I think you're very wrong here. Fineman is trying to game out the 2008 election, and pondering whether or not Bloomberg will jump in the race. I think he's right on one count--Bloomberg will have to make his mind up relatively early, but other than that, I think he's fairly well off the mark.
Fineman's thesis is based on the idea that what Bloomberg needs is for the two candidates to be shaken out fairly early, so he can then assess the field and see if he can mount a charge. But Bloomberg can be a king-maker of sorts if he wants to.
There's been a lot of talk lately about the split between the business side of the Republican party and the religious wing, and a lot of right-wing pundits have come out and flatly said that Huckabee is unacceptable to them because he's (my words) one of the dirty unwashed. He's from the side of the party that the business cons want votes from, but don't want to have in charge. They're elitists, and the rabble are fighting back. Tim over at Balloon Juice just made a post which details this split.
Here's where Bloomberg comes in. If Huckabee proves that he's more than just a flash in the pan, if he wins in Iowa, Bloomberg can effectively end the Republican nominating process by stepping into the race. He can make that split happen, because he can give business-minded Republicans an option outside the party. They don't have to vote for Clibamawards as the lesser of two evils (from their perspective--I find Clibamawards just fine). They can call themselves the "New Republicans" or something similarly silly, and lay claim to that 20% or so of the population that wants to be Republican but doesn't want to be associated with the preachers and gay-haters.
In fact, it's probably better for Bloomberg if he doesn't wait. He needs to knock out the other contenders to the Republican nomination if he wants to have a shot at the big ring--there has to be a clear difference between him and the Republican nominee, and Huckabee is the guy in that case. There's not enough difference between Bloomberg and Romney, or Bloomberg and Giuliani to play up that politics of contrast.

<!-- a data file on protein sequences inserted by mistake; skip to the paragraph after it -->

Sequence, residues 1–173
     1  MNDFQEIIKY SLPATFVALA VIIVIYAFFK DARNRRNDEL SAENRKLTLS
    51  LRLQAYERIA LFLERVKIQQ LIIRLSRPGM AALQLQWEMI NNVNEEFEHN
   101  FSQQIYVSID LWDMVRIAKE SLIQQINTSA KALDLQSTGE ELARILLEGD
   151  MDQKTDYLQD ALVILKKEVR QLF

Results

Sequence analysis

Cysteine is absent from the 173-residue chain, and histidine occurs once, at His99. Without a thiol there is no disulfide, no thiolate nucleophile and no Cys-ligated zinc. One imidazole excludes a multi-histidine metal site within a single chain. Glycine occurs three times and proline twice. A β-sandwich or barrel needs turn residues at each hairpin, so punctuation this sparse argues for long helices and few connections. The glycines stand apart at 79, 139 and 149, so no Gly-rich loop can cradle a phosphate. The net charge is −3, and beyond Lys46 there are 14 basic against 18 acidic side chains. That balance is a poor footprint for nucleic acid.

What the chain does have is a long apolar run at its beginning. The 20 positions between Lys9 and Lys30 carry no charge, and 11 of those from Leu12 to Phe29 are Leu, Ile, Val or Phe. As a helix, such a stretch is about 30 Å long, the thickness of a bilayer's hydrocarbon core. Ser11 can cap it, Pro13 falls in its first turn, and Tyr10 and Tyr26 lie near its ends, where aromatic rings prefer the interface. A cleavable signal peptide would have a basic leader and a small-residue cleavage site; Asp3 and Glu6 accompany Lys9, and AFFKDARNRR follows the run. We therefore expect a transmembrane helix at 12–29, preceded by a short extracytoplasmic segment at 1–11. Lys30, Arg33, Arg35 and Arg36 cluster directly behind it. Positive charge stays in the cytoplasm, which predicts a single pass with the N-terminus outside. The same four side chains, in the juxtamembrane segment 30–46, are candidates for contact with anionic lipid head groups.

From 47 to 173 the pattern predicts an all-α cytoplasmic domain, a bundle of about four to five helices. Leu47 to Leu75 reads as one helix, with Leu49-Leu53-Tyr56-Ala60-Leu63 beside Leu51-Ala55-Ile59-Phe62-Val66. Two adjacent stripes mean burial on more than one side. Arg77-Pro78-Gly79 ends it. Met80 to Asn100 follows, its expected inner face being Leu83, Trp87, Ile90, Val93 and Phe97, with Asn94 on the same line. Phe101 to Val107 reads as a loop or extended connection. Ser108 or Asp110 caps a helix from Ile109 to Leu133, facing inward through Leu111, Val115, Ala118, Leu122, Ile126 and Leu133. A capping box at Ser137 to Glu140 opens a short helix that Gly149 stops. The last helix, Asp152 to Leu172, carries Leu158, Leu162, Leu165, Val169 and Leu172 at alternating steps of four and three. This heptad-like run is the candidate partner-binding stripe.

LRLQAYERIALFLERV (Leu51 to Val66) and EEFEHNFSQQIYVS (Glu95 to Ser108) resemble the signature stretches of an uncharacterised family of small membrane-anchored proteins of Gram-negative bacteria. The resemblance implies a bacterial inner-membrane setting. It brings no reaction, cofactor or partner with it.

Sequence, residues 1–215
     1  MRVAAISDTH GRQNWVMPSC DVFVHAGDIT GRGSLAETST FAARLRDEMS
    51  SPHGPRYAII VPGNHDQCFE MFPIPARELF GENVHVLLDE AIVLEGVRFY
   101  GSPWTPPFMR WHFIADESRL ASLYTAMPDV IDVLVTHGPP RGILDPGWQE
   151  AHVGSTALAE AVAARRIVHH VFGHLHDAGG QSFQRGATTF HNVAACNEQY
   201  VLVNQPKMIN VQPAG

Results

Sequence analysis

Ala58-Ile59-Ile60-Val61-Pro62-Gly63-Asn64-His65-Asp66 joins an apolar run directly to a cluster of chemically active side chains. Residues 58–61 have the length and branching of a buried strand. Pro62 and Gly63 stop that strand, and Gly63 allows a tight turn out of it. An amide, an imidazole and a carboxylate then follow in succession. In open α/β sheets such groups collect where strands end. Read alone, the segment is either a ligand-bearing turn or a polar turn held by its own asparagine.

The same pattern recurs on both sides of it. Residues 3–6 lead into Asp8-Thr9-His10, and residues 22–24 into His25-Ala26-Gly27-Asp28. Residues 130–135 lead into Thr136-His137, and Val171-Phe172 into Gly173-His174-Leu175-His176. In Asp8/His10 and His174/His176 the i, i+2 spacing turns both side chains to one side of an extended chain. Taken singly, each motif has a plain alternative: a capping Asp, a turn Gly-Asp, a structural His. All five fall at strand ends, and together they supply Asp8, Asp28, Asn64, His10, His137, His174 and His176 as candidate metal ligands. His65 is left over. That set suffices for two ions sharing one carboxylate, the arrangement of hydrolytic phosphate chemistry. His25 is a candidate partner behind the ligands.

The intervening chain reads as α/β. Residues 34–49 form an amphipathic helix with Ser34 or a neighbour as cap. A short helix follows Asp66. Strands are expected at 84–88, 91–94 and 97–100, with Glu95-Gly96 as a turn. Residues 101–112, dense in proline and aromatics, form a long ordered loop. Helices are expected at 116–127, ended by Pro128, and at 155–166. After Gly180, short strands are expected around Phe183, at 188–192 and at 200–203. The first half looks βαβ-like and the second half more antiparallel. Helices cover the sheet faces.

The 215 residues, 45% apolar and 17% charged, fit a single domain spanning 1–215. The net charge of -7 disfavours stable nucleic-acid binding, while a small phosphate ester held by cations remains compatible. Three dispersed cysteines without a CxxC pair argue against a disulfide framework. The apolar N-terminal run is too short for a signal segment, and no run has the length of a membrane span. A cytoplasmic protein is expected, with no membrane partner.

On the other side, Bloomberg has to hope for an Edwards or Obama win, and to my mind, the former is better for him, again because of the contrast. You can never underestimate the power of racism, but the rhetoric coming from Edwards (rhetoric I applaud, by the way) is that of class, and Bloomberg's natural constituency is of the moneyed elites and those who think they're of the moneyed elite, even though they're not. He won't be able to play the contrast game with Clinton--she's as business friendly as he is, and the Hillary-hate game will solidify an otherwise lukewarm progressive movement behind her.
So if that happens--Huckabee and Edwards/Obama win in Iowa--expect the Bloomberg noise to start. And if Huckabee turns an Iowa win into a better-than-expected New Hampshire showing and a South Carolina win, I'd be shocked if Bloomberg isn't in the race.
Which is fine with me. I like the Democratic chances in a head-on race with the Republicans. I like them even better with a divided field.